The Habit of Discussion and Debate: On
the Way to Becoming a Senator
Discussion, the modern representation of Plato's dialectical method, is a process of seeking answers to lead to more significant questions. This pattern of logical disputation operated as a method of inquiry which eventually led either to the making of choices, or the adoption of a position. The next logical extension was debating, the process of testing one's position by argumentation and rebuttal.
As they gathered at the family dinner table, the Kennedy children were encouraged to participate in discussions on historical subjects and occasionally on contemporary issues. The pattern of discussion continued with John Kennedy into his early adulthood.
During his junior and senior years at Harvard he often engaged in strong discussions with friends about isolationism, neutrality, and preparedness. Later, newly graduated, fresh from his success with Why England Slept, Kennedy engaged in public interviews and discussions about preparedness for war, especially during his residency at Stanford University. 1 While serving in the navy at Tulagi, in the South Pacific, Lieutenant Kennedy was known as an enthusiastic participant in political discussions. And, after the war, Joseph Healey described the twenty-eight year old Kennedy: "I think that the nature of public issues fascinated him intellectually." 2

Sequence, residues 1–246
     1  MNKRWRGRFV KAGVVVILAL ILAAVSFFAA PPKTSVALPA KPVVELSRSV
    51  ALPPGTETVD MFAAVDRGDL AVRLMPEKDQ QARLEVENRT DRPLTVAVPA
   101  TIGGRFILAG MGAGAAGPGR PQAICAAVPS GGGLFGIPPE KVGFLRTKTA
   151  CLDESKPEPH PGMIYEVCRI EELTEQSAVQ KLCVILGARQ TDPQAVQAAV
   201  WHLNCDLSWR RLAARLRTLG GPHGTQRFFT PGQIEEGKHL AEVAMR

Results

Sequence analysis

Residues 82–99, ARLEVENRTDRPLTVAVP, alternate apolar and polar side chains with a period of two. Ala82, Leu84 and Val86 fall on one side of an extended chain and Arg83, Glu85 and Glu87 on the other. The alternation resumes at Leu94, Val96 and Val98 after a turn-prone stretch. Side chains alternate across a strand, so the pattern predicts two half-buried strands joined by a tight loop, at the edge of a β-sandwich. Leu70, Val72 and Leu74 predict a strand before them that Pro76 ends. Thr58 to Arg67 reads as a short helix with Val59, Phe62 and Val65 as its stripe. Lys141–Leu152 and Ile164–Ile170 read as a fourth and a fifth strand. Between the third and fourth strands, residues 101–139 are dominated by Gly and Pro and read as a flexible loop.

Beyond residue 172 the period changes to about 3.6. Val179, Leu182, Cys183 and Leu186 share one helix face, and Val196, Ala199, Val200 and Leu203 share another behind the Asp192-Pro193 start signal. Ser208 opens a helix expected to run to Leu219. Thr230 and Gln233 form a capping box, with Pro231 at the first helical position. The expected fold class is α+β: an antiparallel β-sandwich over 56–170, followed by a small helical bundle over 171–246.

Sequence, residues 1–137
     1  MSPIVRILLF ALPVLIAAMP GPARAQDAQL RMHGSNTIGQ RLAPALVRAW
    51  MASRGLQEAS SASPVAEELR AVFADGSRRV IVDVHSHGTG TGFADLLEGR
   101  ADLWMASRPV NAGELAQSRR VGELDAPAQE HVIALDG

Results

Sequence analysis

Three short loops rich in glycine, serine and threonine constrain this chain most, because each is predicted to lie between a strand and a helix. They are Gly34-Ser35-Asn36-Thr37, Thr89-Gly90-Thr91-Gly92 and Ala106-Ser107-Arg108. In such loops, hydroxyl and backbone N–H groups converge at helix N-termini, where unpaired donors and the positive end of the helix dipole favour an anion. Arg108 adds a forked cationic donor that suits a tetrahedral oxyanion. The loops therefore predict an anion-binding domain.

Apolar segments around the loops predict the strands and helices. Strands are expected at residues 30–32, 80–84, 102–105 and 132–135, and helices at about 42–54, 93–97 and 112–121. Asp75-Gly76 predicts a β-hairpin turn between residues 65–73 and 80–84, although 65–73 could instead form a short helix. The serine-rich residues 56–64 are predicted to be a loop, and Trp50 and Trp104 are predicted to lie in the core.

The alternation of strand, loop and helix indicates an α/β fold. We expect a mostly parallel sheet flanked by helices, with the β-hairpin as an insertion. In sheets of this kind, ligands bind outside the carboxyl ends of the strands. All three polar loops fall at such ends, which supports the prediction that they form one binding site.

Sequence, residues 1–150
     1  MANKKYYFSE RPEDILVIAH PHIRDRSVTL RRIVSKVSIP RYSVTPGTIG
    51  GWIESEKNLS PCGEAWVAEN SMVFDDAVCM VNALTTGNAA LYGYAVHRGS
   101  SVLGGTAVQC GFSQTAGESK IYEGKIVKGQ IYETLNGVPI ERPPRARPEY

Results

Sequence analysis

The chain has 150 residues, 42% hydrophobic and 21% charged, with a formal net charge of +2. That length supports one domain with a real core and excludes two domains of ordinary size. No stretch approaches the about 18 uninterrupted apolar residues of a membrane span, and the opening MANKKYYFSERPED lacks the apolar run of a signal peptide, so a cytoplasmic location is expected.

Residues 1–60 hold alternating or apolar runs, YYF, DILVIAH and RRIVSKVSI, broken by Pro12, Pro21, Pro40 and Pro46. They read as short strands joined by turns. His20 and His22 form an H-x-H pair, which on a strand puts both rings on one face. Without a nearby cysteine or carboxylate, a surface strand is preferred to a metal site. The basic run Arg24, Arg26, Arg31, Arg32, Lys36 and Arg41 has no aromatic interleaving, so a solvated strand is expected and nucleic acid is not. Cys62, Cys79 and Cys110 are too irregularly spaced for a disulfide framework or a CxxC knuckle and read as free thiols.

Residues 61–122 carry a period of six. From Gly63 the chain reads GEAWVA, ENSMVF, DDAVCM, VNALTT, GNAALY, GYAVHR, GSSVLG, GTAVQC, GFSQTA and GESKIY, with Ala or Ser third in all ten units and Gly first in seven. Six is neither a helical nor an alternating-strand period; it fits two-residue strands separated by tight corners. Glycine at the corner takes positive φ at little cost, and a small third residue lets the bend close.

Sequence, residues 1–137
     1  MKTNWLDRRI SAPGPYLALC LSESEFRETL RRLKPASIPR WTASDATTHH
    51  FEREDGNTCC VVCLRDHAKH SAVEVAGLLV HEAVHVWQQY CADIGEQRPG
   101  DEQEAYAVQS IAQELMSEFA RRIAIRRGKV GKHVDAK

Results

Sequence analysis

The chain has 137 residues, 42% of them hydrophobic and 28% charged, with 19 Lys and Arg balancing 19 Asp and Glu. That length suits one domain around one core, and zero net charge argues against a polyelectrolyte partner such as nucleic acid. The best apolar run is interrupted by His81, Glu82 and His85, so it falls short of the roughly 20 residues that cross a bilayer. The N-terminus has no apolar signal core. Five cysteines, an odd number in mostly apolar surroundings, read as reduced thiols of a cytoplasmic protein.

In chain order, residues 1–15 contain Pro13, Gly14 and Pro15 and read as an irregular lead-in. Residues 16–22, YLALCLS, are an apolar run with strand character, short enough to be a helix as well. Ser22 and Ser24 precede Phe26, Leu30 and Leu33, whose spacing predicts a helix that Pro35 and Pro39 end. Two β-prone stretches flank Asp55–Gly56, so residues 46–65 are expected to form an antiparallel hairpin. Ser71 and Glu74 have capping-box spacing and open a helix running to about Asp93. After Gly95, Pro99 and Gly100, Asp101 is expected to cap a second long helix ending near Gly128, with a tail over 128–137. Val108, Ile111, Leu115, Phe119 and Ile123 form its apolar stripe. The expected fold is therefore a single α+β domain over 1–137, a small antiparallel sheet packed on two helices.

Mark Dalton observed that Kennedy "was an excellent debater but not an excellent orator" while he was in Congress. 3 Kennedy debated Richard Nixon in 1947, at McKeesport, Pennsylvania; thirteen years before their televised presidential debates. He engaged Norman Thomas in debate at a Harvard Law School Forum in 1949, and he debated Henry Cabot Lodge when he challenged him for the senatorial seat in 1952. His first televised debate was with Hubert Humphrey during the West Virginia primary in 1960.